Tax relief - UK in General

UK: All You Need to Know About ItsForeign Tax Relief and Tax Treaties 

Introduction to Tax Relief

Any government program or policy effort aimed at lowering the amount of taxes paid by people or companies is known as tax relief.

It might be a general tax cut or a specialized program that benefits a certain set of taxpayers or helps the government achieve a specific objective. Tax relief is often obtained by deductions, credits, or exclusions, as well as the cancellation of a tax lien on rare occasions.

For example, the various changes and adjustments to the federal tax law implemented throughout time may frequently be traced back to the US government’s policy aims. Americans are urged to save for retirement by contributing to a retirement savings account that is tax-deferred.

Taxation income in UK
UK Income Tax rates and bands 2021/22 according to Free Agent website.

Tax penalties imposed on early withdrawals deter them from plundering those accounts. The tax code can even reveal the history of catastrophic disasters. When a hard-hit region is declared a disaster area, hurricane victims may be eligible for tax assistance to help offset the damage to private property.

Simply put, tax relief allows you to deduct certain expenditures from your gross income throughout the tax year, reducing the amount of money you owe in taxes. You can claim tax reliefs on top of any personal tax allowances you may be entitled to, basically allowing you to keep more of your earnings and pay less tax.

For more information about tax relief in other countries, see:
Foreign Tax Relief and Tax Treaties in Germany

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How does Tax Relief work?

In this UK, some expenditures, such as sending a gift, repaying a debt, or contributing to a pension, can be done without paying taxes. Your company, for example, deducts income tax from your compensation immediately and automatically.

You can also claim tax back from HMRC (Her Majesty’s Revenue and Customs) if you’re self-employed or earn income from another source. To do so, you’ll need to fill out a self-assessment tax return so that HMRC can figure out how much tax relief you qualify for.

Let’s take the example of job expenses. A lot of people are known to spend their own money in lieu of things related to their job. In case the employer does not pay you back entirely, you may be able to claim tax relief.

Let’s say a person spent £100 pounds at a tax rate of 20%. In that year, the tax relief that the person can claim would be £20.  You must retain records of your expenditures for some claims. You must claim the money spent within four years after the end of the tax year. If your claim is for the current tax year, HMRC will normally make adjustments through your tax code. And in the case of past tax years, HMRC will either make modifications through your tax code or grant you a tax refund.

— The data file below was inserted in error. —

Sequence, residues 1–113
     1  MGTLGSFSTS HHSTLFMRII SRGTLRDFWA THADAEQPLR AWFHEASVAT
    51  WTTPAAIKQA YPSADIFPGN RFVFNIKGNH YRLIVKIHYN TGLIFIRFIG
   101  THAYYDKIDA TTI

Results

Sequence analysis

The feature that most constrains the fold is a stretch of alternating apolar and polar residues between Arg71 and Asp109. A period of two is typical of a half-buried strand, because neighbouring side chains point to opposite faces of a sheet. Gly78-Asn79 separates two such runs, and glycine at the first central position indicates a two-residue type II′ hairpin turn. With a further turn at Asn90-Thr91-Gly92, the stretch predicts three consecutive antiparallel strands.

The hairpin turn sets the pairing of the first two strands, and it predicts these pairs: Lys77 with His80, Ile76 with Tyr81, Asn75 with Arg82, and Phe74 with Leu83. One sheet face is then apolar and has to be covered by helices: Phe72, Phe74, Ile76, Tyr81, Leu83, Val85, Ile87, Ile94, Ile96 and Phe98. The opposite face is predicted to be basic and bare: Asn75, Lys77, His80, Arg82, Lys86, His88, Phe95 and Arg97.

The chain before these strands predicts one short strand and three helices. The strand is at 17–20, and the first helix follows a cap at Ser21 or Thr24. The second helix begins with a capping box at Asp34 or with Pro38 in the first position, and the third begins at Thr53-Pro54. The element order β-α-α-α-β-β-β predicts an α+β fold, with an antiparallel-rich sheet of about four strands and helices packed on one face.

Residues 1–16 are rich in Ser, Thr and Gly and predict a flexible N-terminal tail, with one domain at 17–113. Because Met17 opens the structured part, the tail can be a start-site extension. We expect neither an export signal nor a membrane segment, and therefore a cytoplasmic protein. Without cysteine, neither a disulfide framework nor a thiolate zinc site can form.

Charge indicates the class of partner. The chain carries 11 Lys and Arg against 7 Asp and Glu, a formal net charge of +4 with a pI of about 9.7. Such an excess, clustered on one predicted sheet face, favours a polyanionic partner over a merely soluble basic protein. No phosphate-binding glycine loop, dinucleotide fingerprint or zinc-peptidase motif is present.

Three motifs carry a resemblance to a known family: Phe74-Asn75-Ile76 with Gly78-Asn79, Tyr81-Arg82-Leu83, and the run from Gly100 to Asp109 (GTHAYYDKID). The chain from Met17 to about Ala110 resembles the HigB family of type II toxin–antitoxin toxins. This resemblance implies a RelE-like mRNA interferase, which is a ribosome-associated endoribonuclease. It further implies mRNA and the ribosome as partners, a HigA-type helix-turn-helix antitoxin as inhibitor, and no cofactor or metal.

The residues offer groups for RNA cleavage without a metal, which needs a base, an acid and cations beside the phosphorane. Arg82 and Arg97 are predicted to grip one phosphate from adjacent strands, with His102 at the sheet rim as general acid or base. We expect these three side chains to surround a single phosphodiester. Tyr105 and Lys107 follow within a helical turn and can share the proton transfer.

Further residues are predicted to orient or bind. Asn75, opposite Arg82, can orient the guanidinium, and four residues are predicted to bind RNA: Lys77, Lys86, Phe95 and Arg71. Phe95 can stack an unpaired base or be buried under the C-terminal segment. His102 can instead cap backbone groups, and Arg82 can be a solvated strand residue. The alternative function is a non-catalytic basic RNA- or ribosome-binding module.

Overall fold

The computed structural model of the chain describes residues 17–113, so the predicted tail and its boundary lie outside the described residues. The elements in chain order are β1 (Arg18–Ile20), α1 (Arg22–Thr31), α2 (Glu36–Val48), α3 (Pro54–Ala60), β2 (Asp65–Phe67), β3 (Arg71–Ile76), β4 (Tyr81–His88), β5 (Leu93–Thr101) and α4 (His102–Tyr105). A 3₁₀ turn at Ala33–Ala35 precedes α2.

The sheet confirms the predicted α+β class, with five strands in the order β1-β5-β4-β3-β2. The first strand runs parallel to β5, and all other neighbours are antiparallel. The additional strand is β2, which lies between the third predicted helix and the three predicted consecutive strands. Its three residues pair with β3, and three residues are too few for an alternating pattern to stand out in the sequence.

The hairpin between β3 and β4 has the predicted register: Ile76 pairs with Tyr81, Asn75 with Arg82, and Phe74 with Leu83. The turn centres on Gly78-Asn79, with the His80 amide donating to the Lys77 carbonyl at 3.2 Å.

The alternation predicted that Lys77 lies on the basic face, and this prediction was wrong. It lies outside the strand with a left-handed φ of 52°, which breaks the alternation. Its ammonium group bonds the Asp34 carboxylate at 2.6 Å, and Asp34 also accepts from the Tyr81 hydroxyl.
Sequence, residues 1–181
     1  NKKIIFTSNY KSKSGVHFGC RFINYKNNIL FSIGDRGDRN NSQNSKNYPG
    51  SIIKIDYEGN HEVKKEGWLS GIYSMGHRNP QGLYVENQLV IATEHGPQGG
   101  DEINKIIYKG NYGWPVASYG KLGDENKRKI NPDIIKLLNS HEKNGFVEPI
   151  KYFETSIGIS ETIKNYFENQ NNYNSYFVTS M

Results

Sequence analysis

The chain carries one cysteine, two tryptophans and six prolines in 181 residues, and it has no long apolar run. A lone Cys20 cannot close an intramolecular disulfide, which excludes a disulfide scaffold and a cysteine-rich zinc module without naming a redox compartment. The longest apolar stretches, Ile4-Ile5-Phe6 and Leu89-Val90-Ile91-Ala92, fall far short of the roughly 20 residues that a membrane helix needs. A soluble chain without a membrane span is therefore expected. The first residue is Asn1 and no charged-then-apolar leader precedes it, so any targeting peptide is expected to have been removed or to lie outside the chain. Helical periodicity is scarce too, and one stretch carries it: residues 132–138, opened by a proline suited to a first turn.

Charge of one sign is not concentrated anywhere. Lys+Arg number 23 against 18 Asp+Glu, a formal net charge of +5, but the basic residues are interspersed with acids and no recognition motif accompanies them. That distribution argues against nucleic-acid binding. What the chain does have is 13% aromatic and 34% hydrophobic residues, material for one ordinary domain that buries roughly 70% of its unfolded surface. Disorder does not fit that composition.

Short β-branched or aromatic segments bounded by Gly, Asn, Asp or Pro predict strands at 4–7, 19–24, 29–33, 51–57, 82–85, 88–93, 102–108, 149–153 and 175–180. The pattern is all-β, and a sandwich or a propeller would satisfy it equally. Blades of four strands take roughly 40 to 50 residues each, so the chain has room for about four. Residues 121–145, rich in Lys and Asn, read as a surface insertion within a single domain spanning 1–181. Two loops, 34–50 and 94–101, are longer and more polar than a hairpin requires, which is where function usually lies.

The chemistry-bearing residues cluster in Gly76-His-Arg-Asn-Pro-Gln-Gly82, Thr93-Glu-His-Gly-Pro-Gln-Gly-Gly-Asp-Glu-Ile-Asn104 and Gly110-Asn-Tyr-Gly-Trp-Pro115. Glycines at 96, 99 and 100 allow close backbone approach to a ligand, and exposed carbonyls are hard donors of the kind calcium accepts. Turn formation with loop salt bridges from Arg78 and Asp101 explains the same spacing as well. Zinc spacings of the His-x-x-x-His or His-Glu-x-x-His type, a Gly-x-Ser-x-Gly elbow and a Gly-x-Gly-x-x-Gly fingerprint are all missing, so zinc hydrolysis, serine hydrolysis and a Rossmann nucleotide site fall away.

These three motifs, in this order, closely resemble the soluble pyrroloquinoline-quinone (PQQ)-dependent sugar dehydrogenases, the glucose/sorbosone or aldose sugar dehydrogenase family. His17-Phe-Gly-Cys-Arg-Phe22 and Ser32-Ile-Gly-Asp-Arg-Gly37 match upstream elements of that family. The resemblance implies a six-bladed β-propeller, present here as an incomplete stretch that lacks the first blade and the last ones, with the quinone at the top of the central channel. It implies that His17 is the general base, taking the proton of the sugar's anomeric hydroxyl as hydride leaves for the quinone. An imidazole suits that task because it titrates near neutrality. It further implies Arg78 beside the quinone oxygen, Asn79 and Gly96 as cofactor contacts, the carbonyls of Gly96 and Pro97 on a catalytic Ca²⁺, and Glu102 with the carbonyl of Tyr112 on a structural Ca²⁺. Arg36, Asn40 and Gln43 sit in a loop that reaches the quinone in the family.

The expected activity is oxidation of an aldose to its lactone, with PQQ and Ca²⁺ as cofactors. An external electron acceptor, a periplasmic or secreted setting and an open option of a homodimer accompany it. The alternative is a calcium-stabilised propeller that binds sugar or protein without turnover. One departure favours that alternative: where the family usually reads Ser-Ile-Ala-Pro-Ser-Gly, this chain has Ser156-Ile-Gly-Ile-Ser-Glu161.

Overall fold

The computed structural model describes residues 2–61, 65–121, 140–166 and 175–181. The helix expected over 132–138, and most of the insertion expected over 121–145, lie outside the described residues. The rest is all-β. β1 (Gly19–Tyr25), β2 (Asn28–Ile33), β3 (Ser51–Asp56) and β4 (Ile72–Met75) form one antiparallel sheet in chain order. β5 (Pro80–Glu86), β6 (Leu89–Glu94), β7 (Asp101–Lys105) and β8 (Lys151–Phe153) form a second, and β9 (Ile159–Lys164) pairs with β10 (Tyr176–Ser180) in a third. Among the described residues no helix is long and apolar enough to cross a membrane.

Foreign Tax Relief in the UK

Before getting into this section, it is important to understand what foreign tax credit (FTC) is. A non-refundable tax credit for income taxes paid to a foreign government as a consequence of international income tax withholdings is known as a foreign tax credit. Essentially, anyone who works in a foreign nation or has investment income from a foreign source is eligible for the foreign tax credit.

Individuals have lately been affected by a variety of tax measures. The majority of tax revisions are announced in November/December and March of each year and then become law in the Finance Act the following July.

However, given the significance of Covid-19 and the resulting extraordinary economic impact, it is important to keep in mind that developments may occur outside of regular timeframes.

Residents of the United Kingdom can normally claim a credit for foreign taxes paid on abroad income or gains that are taxable in the UK.

This is either because of a tax treaty or because of UK unilateral relief. In some cases, the taxpayer can choose to have the overseas tax taken from his or her taxable income in the United Kingdom rather than receiving a credit for the foreign tax paid.

Tax Treaties

With over 100 nations, the United Kingdom has one of the biggest networks of tax treaties in the world. The goal of these agreements is to avoid double taxation of income or profits generated in one area and paid to citizens of another.